Chabot fuels Archbishop Ryan win
Playing with a stylish mouthpiece after taking an elbow last week, Austin Chabot leads win over Penn Charter.
YOU NEVER KNOW what the camera will find.
Yesterday, after Archbishop Ryan's Austin Chabot was asked to hold a postgame pose, his smile revealed a black mouthpiece styled with painted-on white fangs.
Usually, the 6-6 junior forward plays with unencumbered chompers. However, last week's gruesome injury made that impossible.
"When we played Washington on Friday, a kid threw an elbow and my tooth went through my lip, right here," Chabot said, lifting his right upper lip to reveal a gnarled gash.
Stitches weren't required, but the blood, Chabot said, gushed for about 5 minutes and then leaked throughout (it happened in the second quarter; Ryan lost, 52-51).
With his pearly whites protected against host Penn Charter yesterday, a more physical Chabot led the Raiders to a 45-34 victory with 13 points, six rebounds and three blocked shots.
The Krewstown resident, who was mainly just a perimeter shooter last season, didn't choose the design, but he's glad his father James, who played at Frankford (1986), did.
"I mean, it helps me a little bit," Chabot said. "It kind of puts me in the mindset of a beast, you know? Be the predator, not the prey."
The only thing preyed upon yesterday was good, free-flowing basketball, as both teams halved 42 fouls and combined to shoot 2-for-24 from three (Ryan was 1-for-10; PC was 1-for-14).
During one fourth-quarter stretch with back-to-back-to-back foul calls, a Quakers coach could be heard saying, "This is the most boring game. We can't even go up and down!"
That's not to say the whistles weren't warranted. Physical play by both sides garnered a few well-earned infractions. The difference was that Ryan capitalized (20-for-25 from the line) and Penn Charter did not (13-for-33).
The Quakers did rally from a 22-17 deficit at intermission to square things at 26 to end the third, but empty offensive trips proved costly.
"It was a big win for us, learning how to win in foul trouble," Chabot said. "Coming down the stretch, we were both in foul trouble and you have to make foul shots down the stretch. It is aggravating not getting the call every time, but you have to play through that and play tough."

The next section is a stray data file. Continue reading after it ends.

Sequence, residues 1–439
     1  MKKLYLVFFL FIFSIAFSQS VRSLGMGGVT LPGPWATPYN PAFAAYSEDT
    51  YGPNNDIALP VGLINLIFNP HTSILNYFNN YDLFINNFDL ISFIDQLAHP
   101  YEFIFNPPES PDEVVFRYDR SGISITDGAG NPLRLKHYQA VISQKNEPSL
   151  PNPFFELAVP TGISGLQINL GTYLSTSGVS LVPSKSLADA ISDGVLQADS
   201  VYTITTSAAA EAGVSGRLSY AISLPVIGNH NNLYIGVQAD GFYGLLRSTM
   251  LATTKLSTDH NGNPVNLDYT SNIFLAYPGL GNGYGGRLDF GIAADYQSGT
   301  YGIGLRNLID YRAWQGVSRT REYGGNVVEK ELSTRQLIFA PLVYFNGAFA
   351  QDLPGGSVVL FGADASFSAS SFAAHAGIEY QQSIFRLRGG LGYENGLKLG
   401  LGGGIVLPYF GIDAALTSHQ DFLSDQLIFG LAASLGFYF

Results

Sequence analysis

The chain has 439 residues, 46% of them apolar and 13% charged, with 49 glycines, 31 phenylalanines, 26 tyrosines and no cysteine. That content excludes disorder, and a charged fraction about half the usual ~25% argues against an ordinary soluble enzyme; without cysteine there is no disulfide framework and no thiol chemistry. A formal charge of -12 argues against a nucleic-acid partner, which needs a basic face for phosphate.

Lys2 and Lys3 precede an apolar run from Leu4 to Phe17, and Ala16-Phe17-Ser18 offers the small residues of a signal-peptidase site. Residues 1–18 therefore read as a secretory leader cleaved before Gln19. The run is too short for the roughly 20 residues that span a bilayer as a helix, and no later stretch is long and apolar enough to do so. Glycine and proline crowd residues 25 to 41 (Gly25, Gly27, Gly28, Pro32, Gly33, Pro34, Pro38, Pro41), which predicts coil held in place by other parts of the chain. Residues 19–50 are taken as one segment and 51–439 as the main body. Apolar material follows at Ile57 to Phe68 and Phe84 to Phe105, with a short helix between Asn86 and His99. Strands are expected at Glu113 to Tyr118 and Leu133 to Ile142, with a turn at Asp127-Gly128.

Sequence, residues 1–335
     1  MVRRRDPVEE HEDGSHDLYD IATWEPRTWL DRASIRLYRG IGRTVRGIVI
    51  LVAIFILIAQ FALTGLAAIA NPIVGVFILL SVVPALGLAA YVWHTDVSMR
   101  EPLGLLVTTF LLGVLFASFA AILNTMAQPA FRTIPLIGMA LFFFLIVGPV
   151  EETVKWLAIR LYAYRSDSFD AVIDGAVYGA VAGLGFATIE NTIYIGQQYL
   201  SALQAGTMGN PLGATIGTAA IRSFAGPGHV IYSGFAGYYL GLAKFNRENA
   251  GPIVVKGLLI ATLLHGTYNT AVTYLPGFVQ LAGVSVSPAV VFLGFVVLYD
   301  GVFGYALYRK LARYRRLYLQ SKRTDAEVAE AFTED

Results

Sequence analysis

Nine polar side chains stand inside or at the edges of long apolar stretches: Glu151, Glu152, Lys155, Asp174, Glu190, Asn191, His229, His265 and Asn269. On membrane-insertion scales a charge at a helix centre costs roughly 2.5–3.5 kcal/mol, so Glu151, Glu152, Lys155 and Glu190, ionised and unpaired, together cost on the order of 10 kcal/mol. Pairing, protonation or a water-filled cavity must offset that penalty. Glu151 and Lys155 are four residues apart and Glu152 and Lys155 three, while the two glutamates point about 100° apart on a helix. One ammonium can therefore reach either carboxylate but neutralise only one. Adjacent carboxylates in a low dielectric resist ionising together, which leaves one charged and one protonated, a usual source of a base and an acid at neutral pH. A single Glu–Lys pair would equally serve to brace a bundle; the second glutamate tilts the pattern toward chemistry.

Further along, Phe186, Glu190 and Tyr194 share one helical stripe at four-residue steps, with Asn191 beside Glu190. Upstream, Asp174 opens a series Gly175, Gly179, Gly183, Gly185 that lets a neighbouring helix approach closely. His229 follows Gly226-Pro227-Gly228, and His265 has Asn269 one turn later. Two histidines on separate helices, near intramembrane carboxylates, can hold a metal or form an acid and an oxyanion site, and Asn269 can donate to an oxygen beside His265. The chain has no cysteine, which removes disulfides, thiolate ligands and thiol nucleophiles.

In fact, the Raiders made it rain singles in the fourth quarter, connecting on 17 of 20 attempts at the foul line. Their lone field goal in the frame was a putback layup by junior Fred Killian (eight points, six rebounds) with about a minute left.
Junior guard Austin Slawter led Ryan (4-1) with 14 points and two steals. Sophomore wing Izaiah Brockington added two blocks.
For the Quakers (2-5), senior guard Julian Johnson had 17 points on 5-for-10 shooting, while seniors Pat McCain and Eric Stahlheber added six rebounds apiece.
However, Chabot, who said he was a one-dimensional shooter last season, used aggressiveness to earn and hit 7 of 8 free throws in the fourth.
"If I look at myself from this year to last year, it's a major change," he said. "I'm taking it to the rim and getting fouled, whereas last year I was just a shooter . . . it's a big difference and I'm really proud of myself."
Hearing negative chatter last season from friends around the Catholic League was all the prodding he needed.
"People were like, 'Oh, you're only a shooter, that's all you can do and there's nothing else you're good for,'T" he said. "So, all offseason I wanted to prove them wrong and prove myself because I know I can do all those things, and now they know that I can."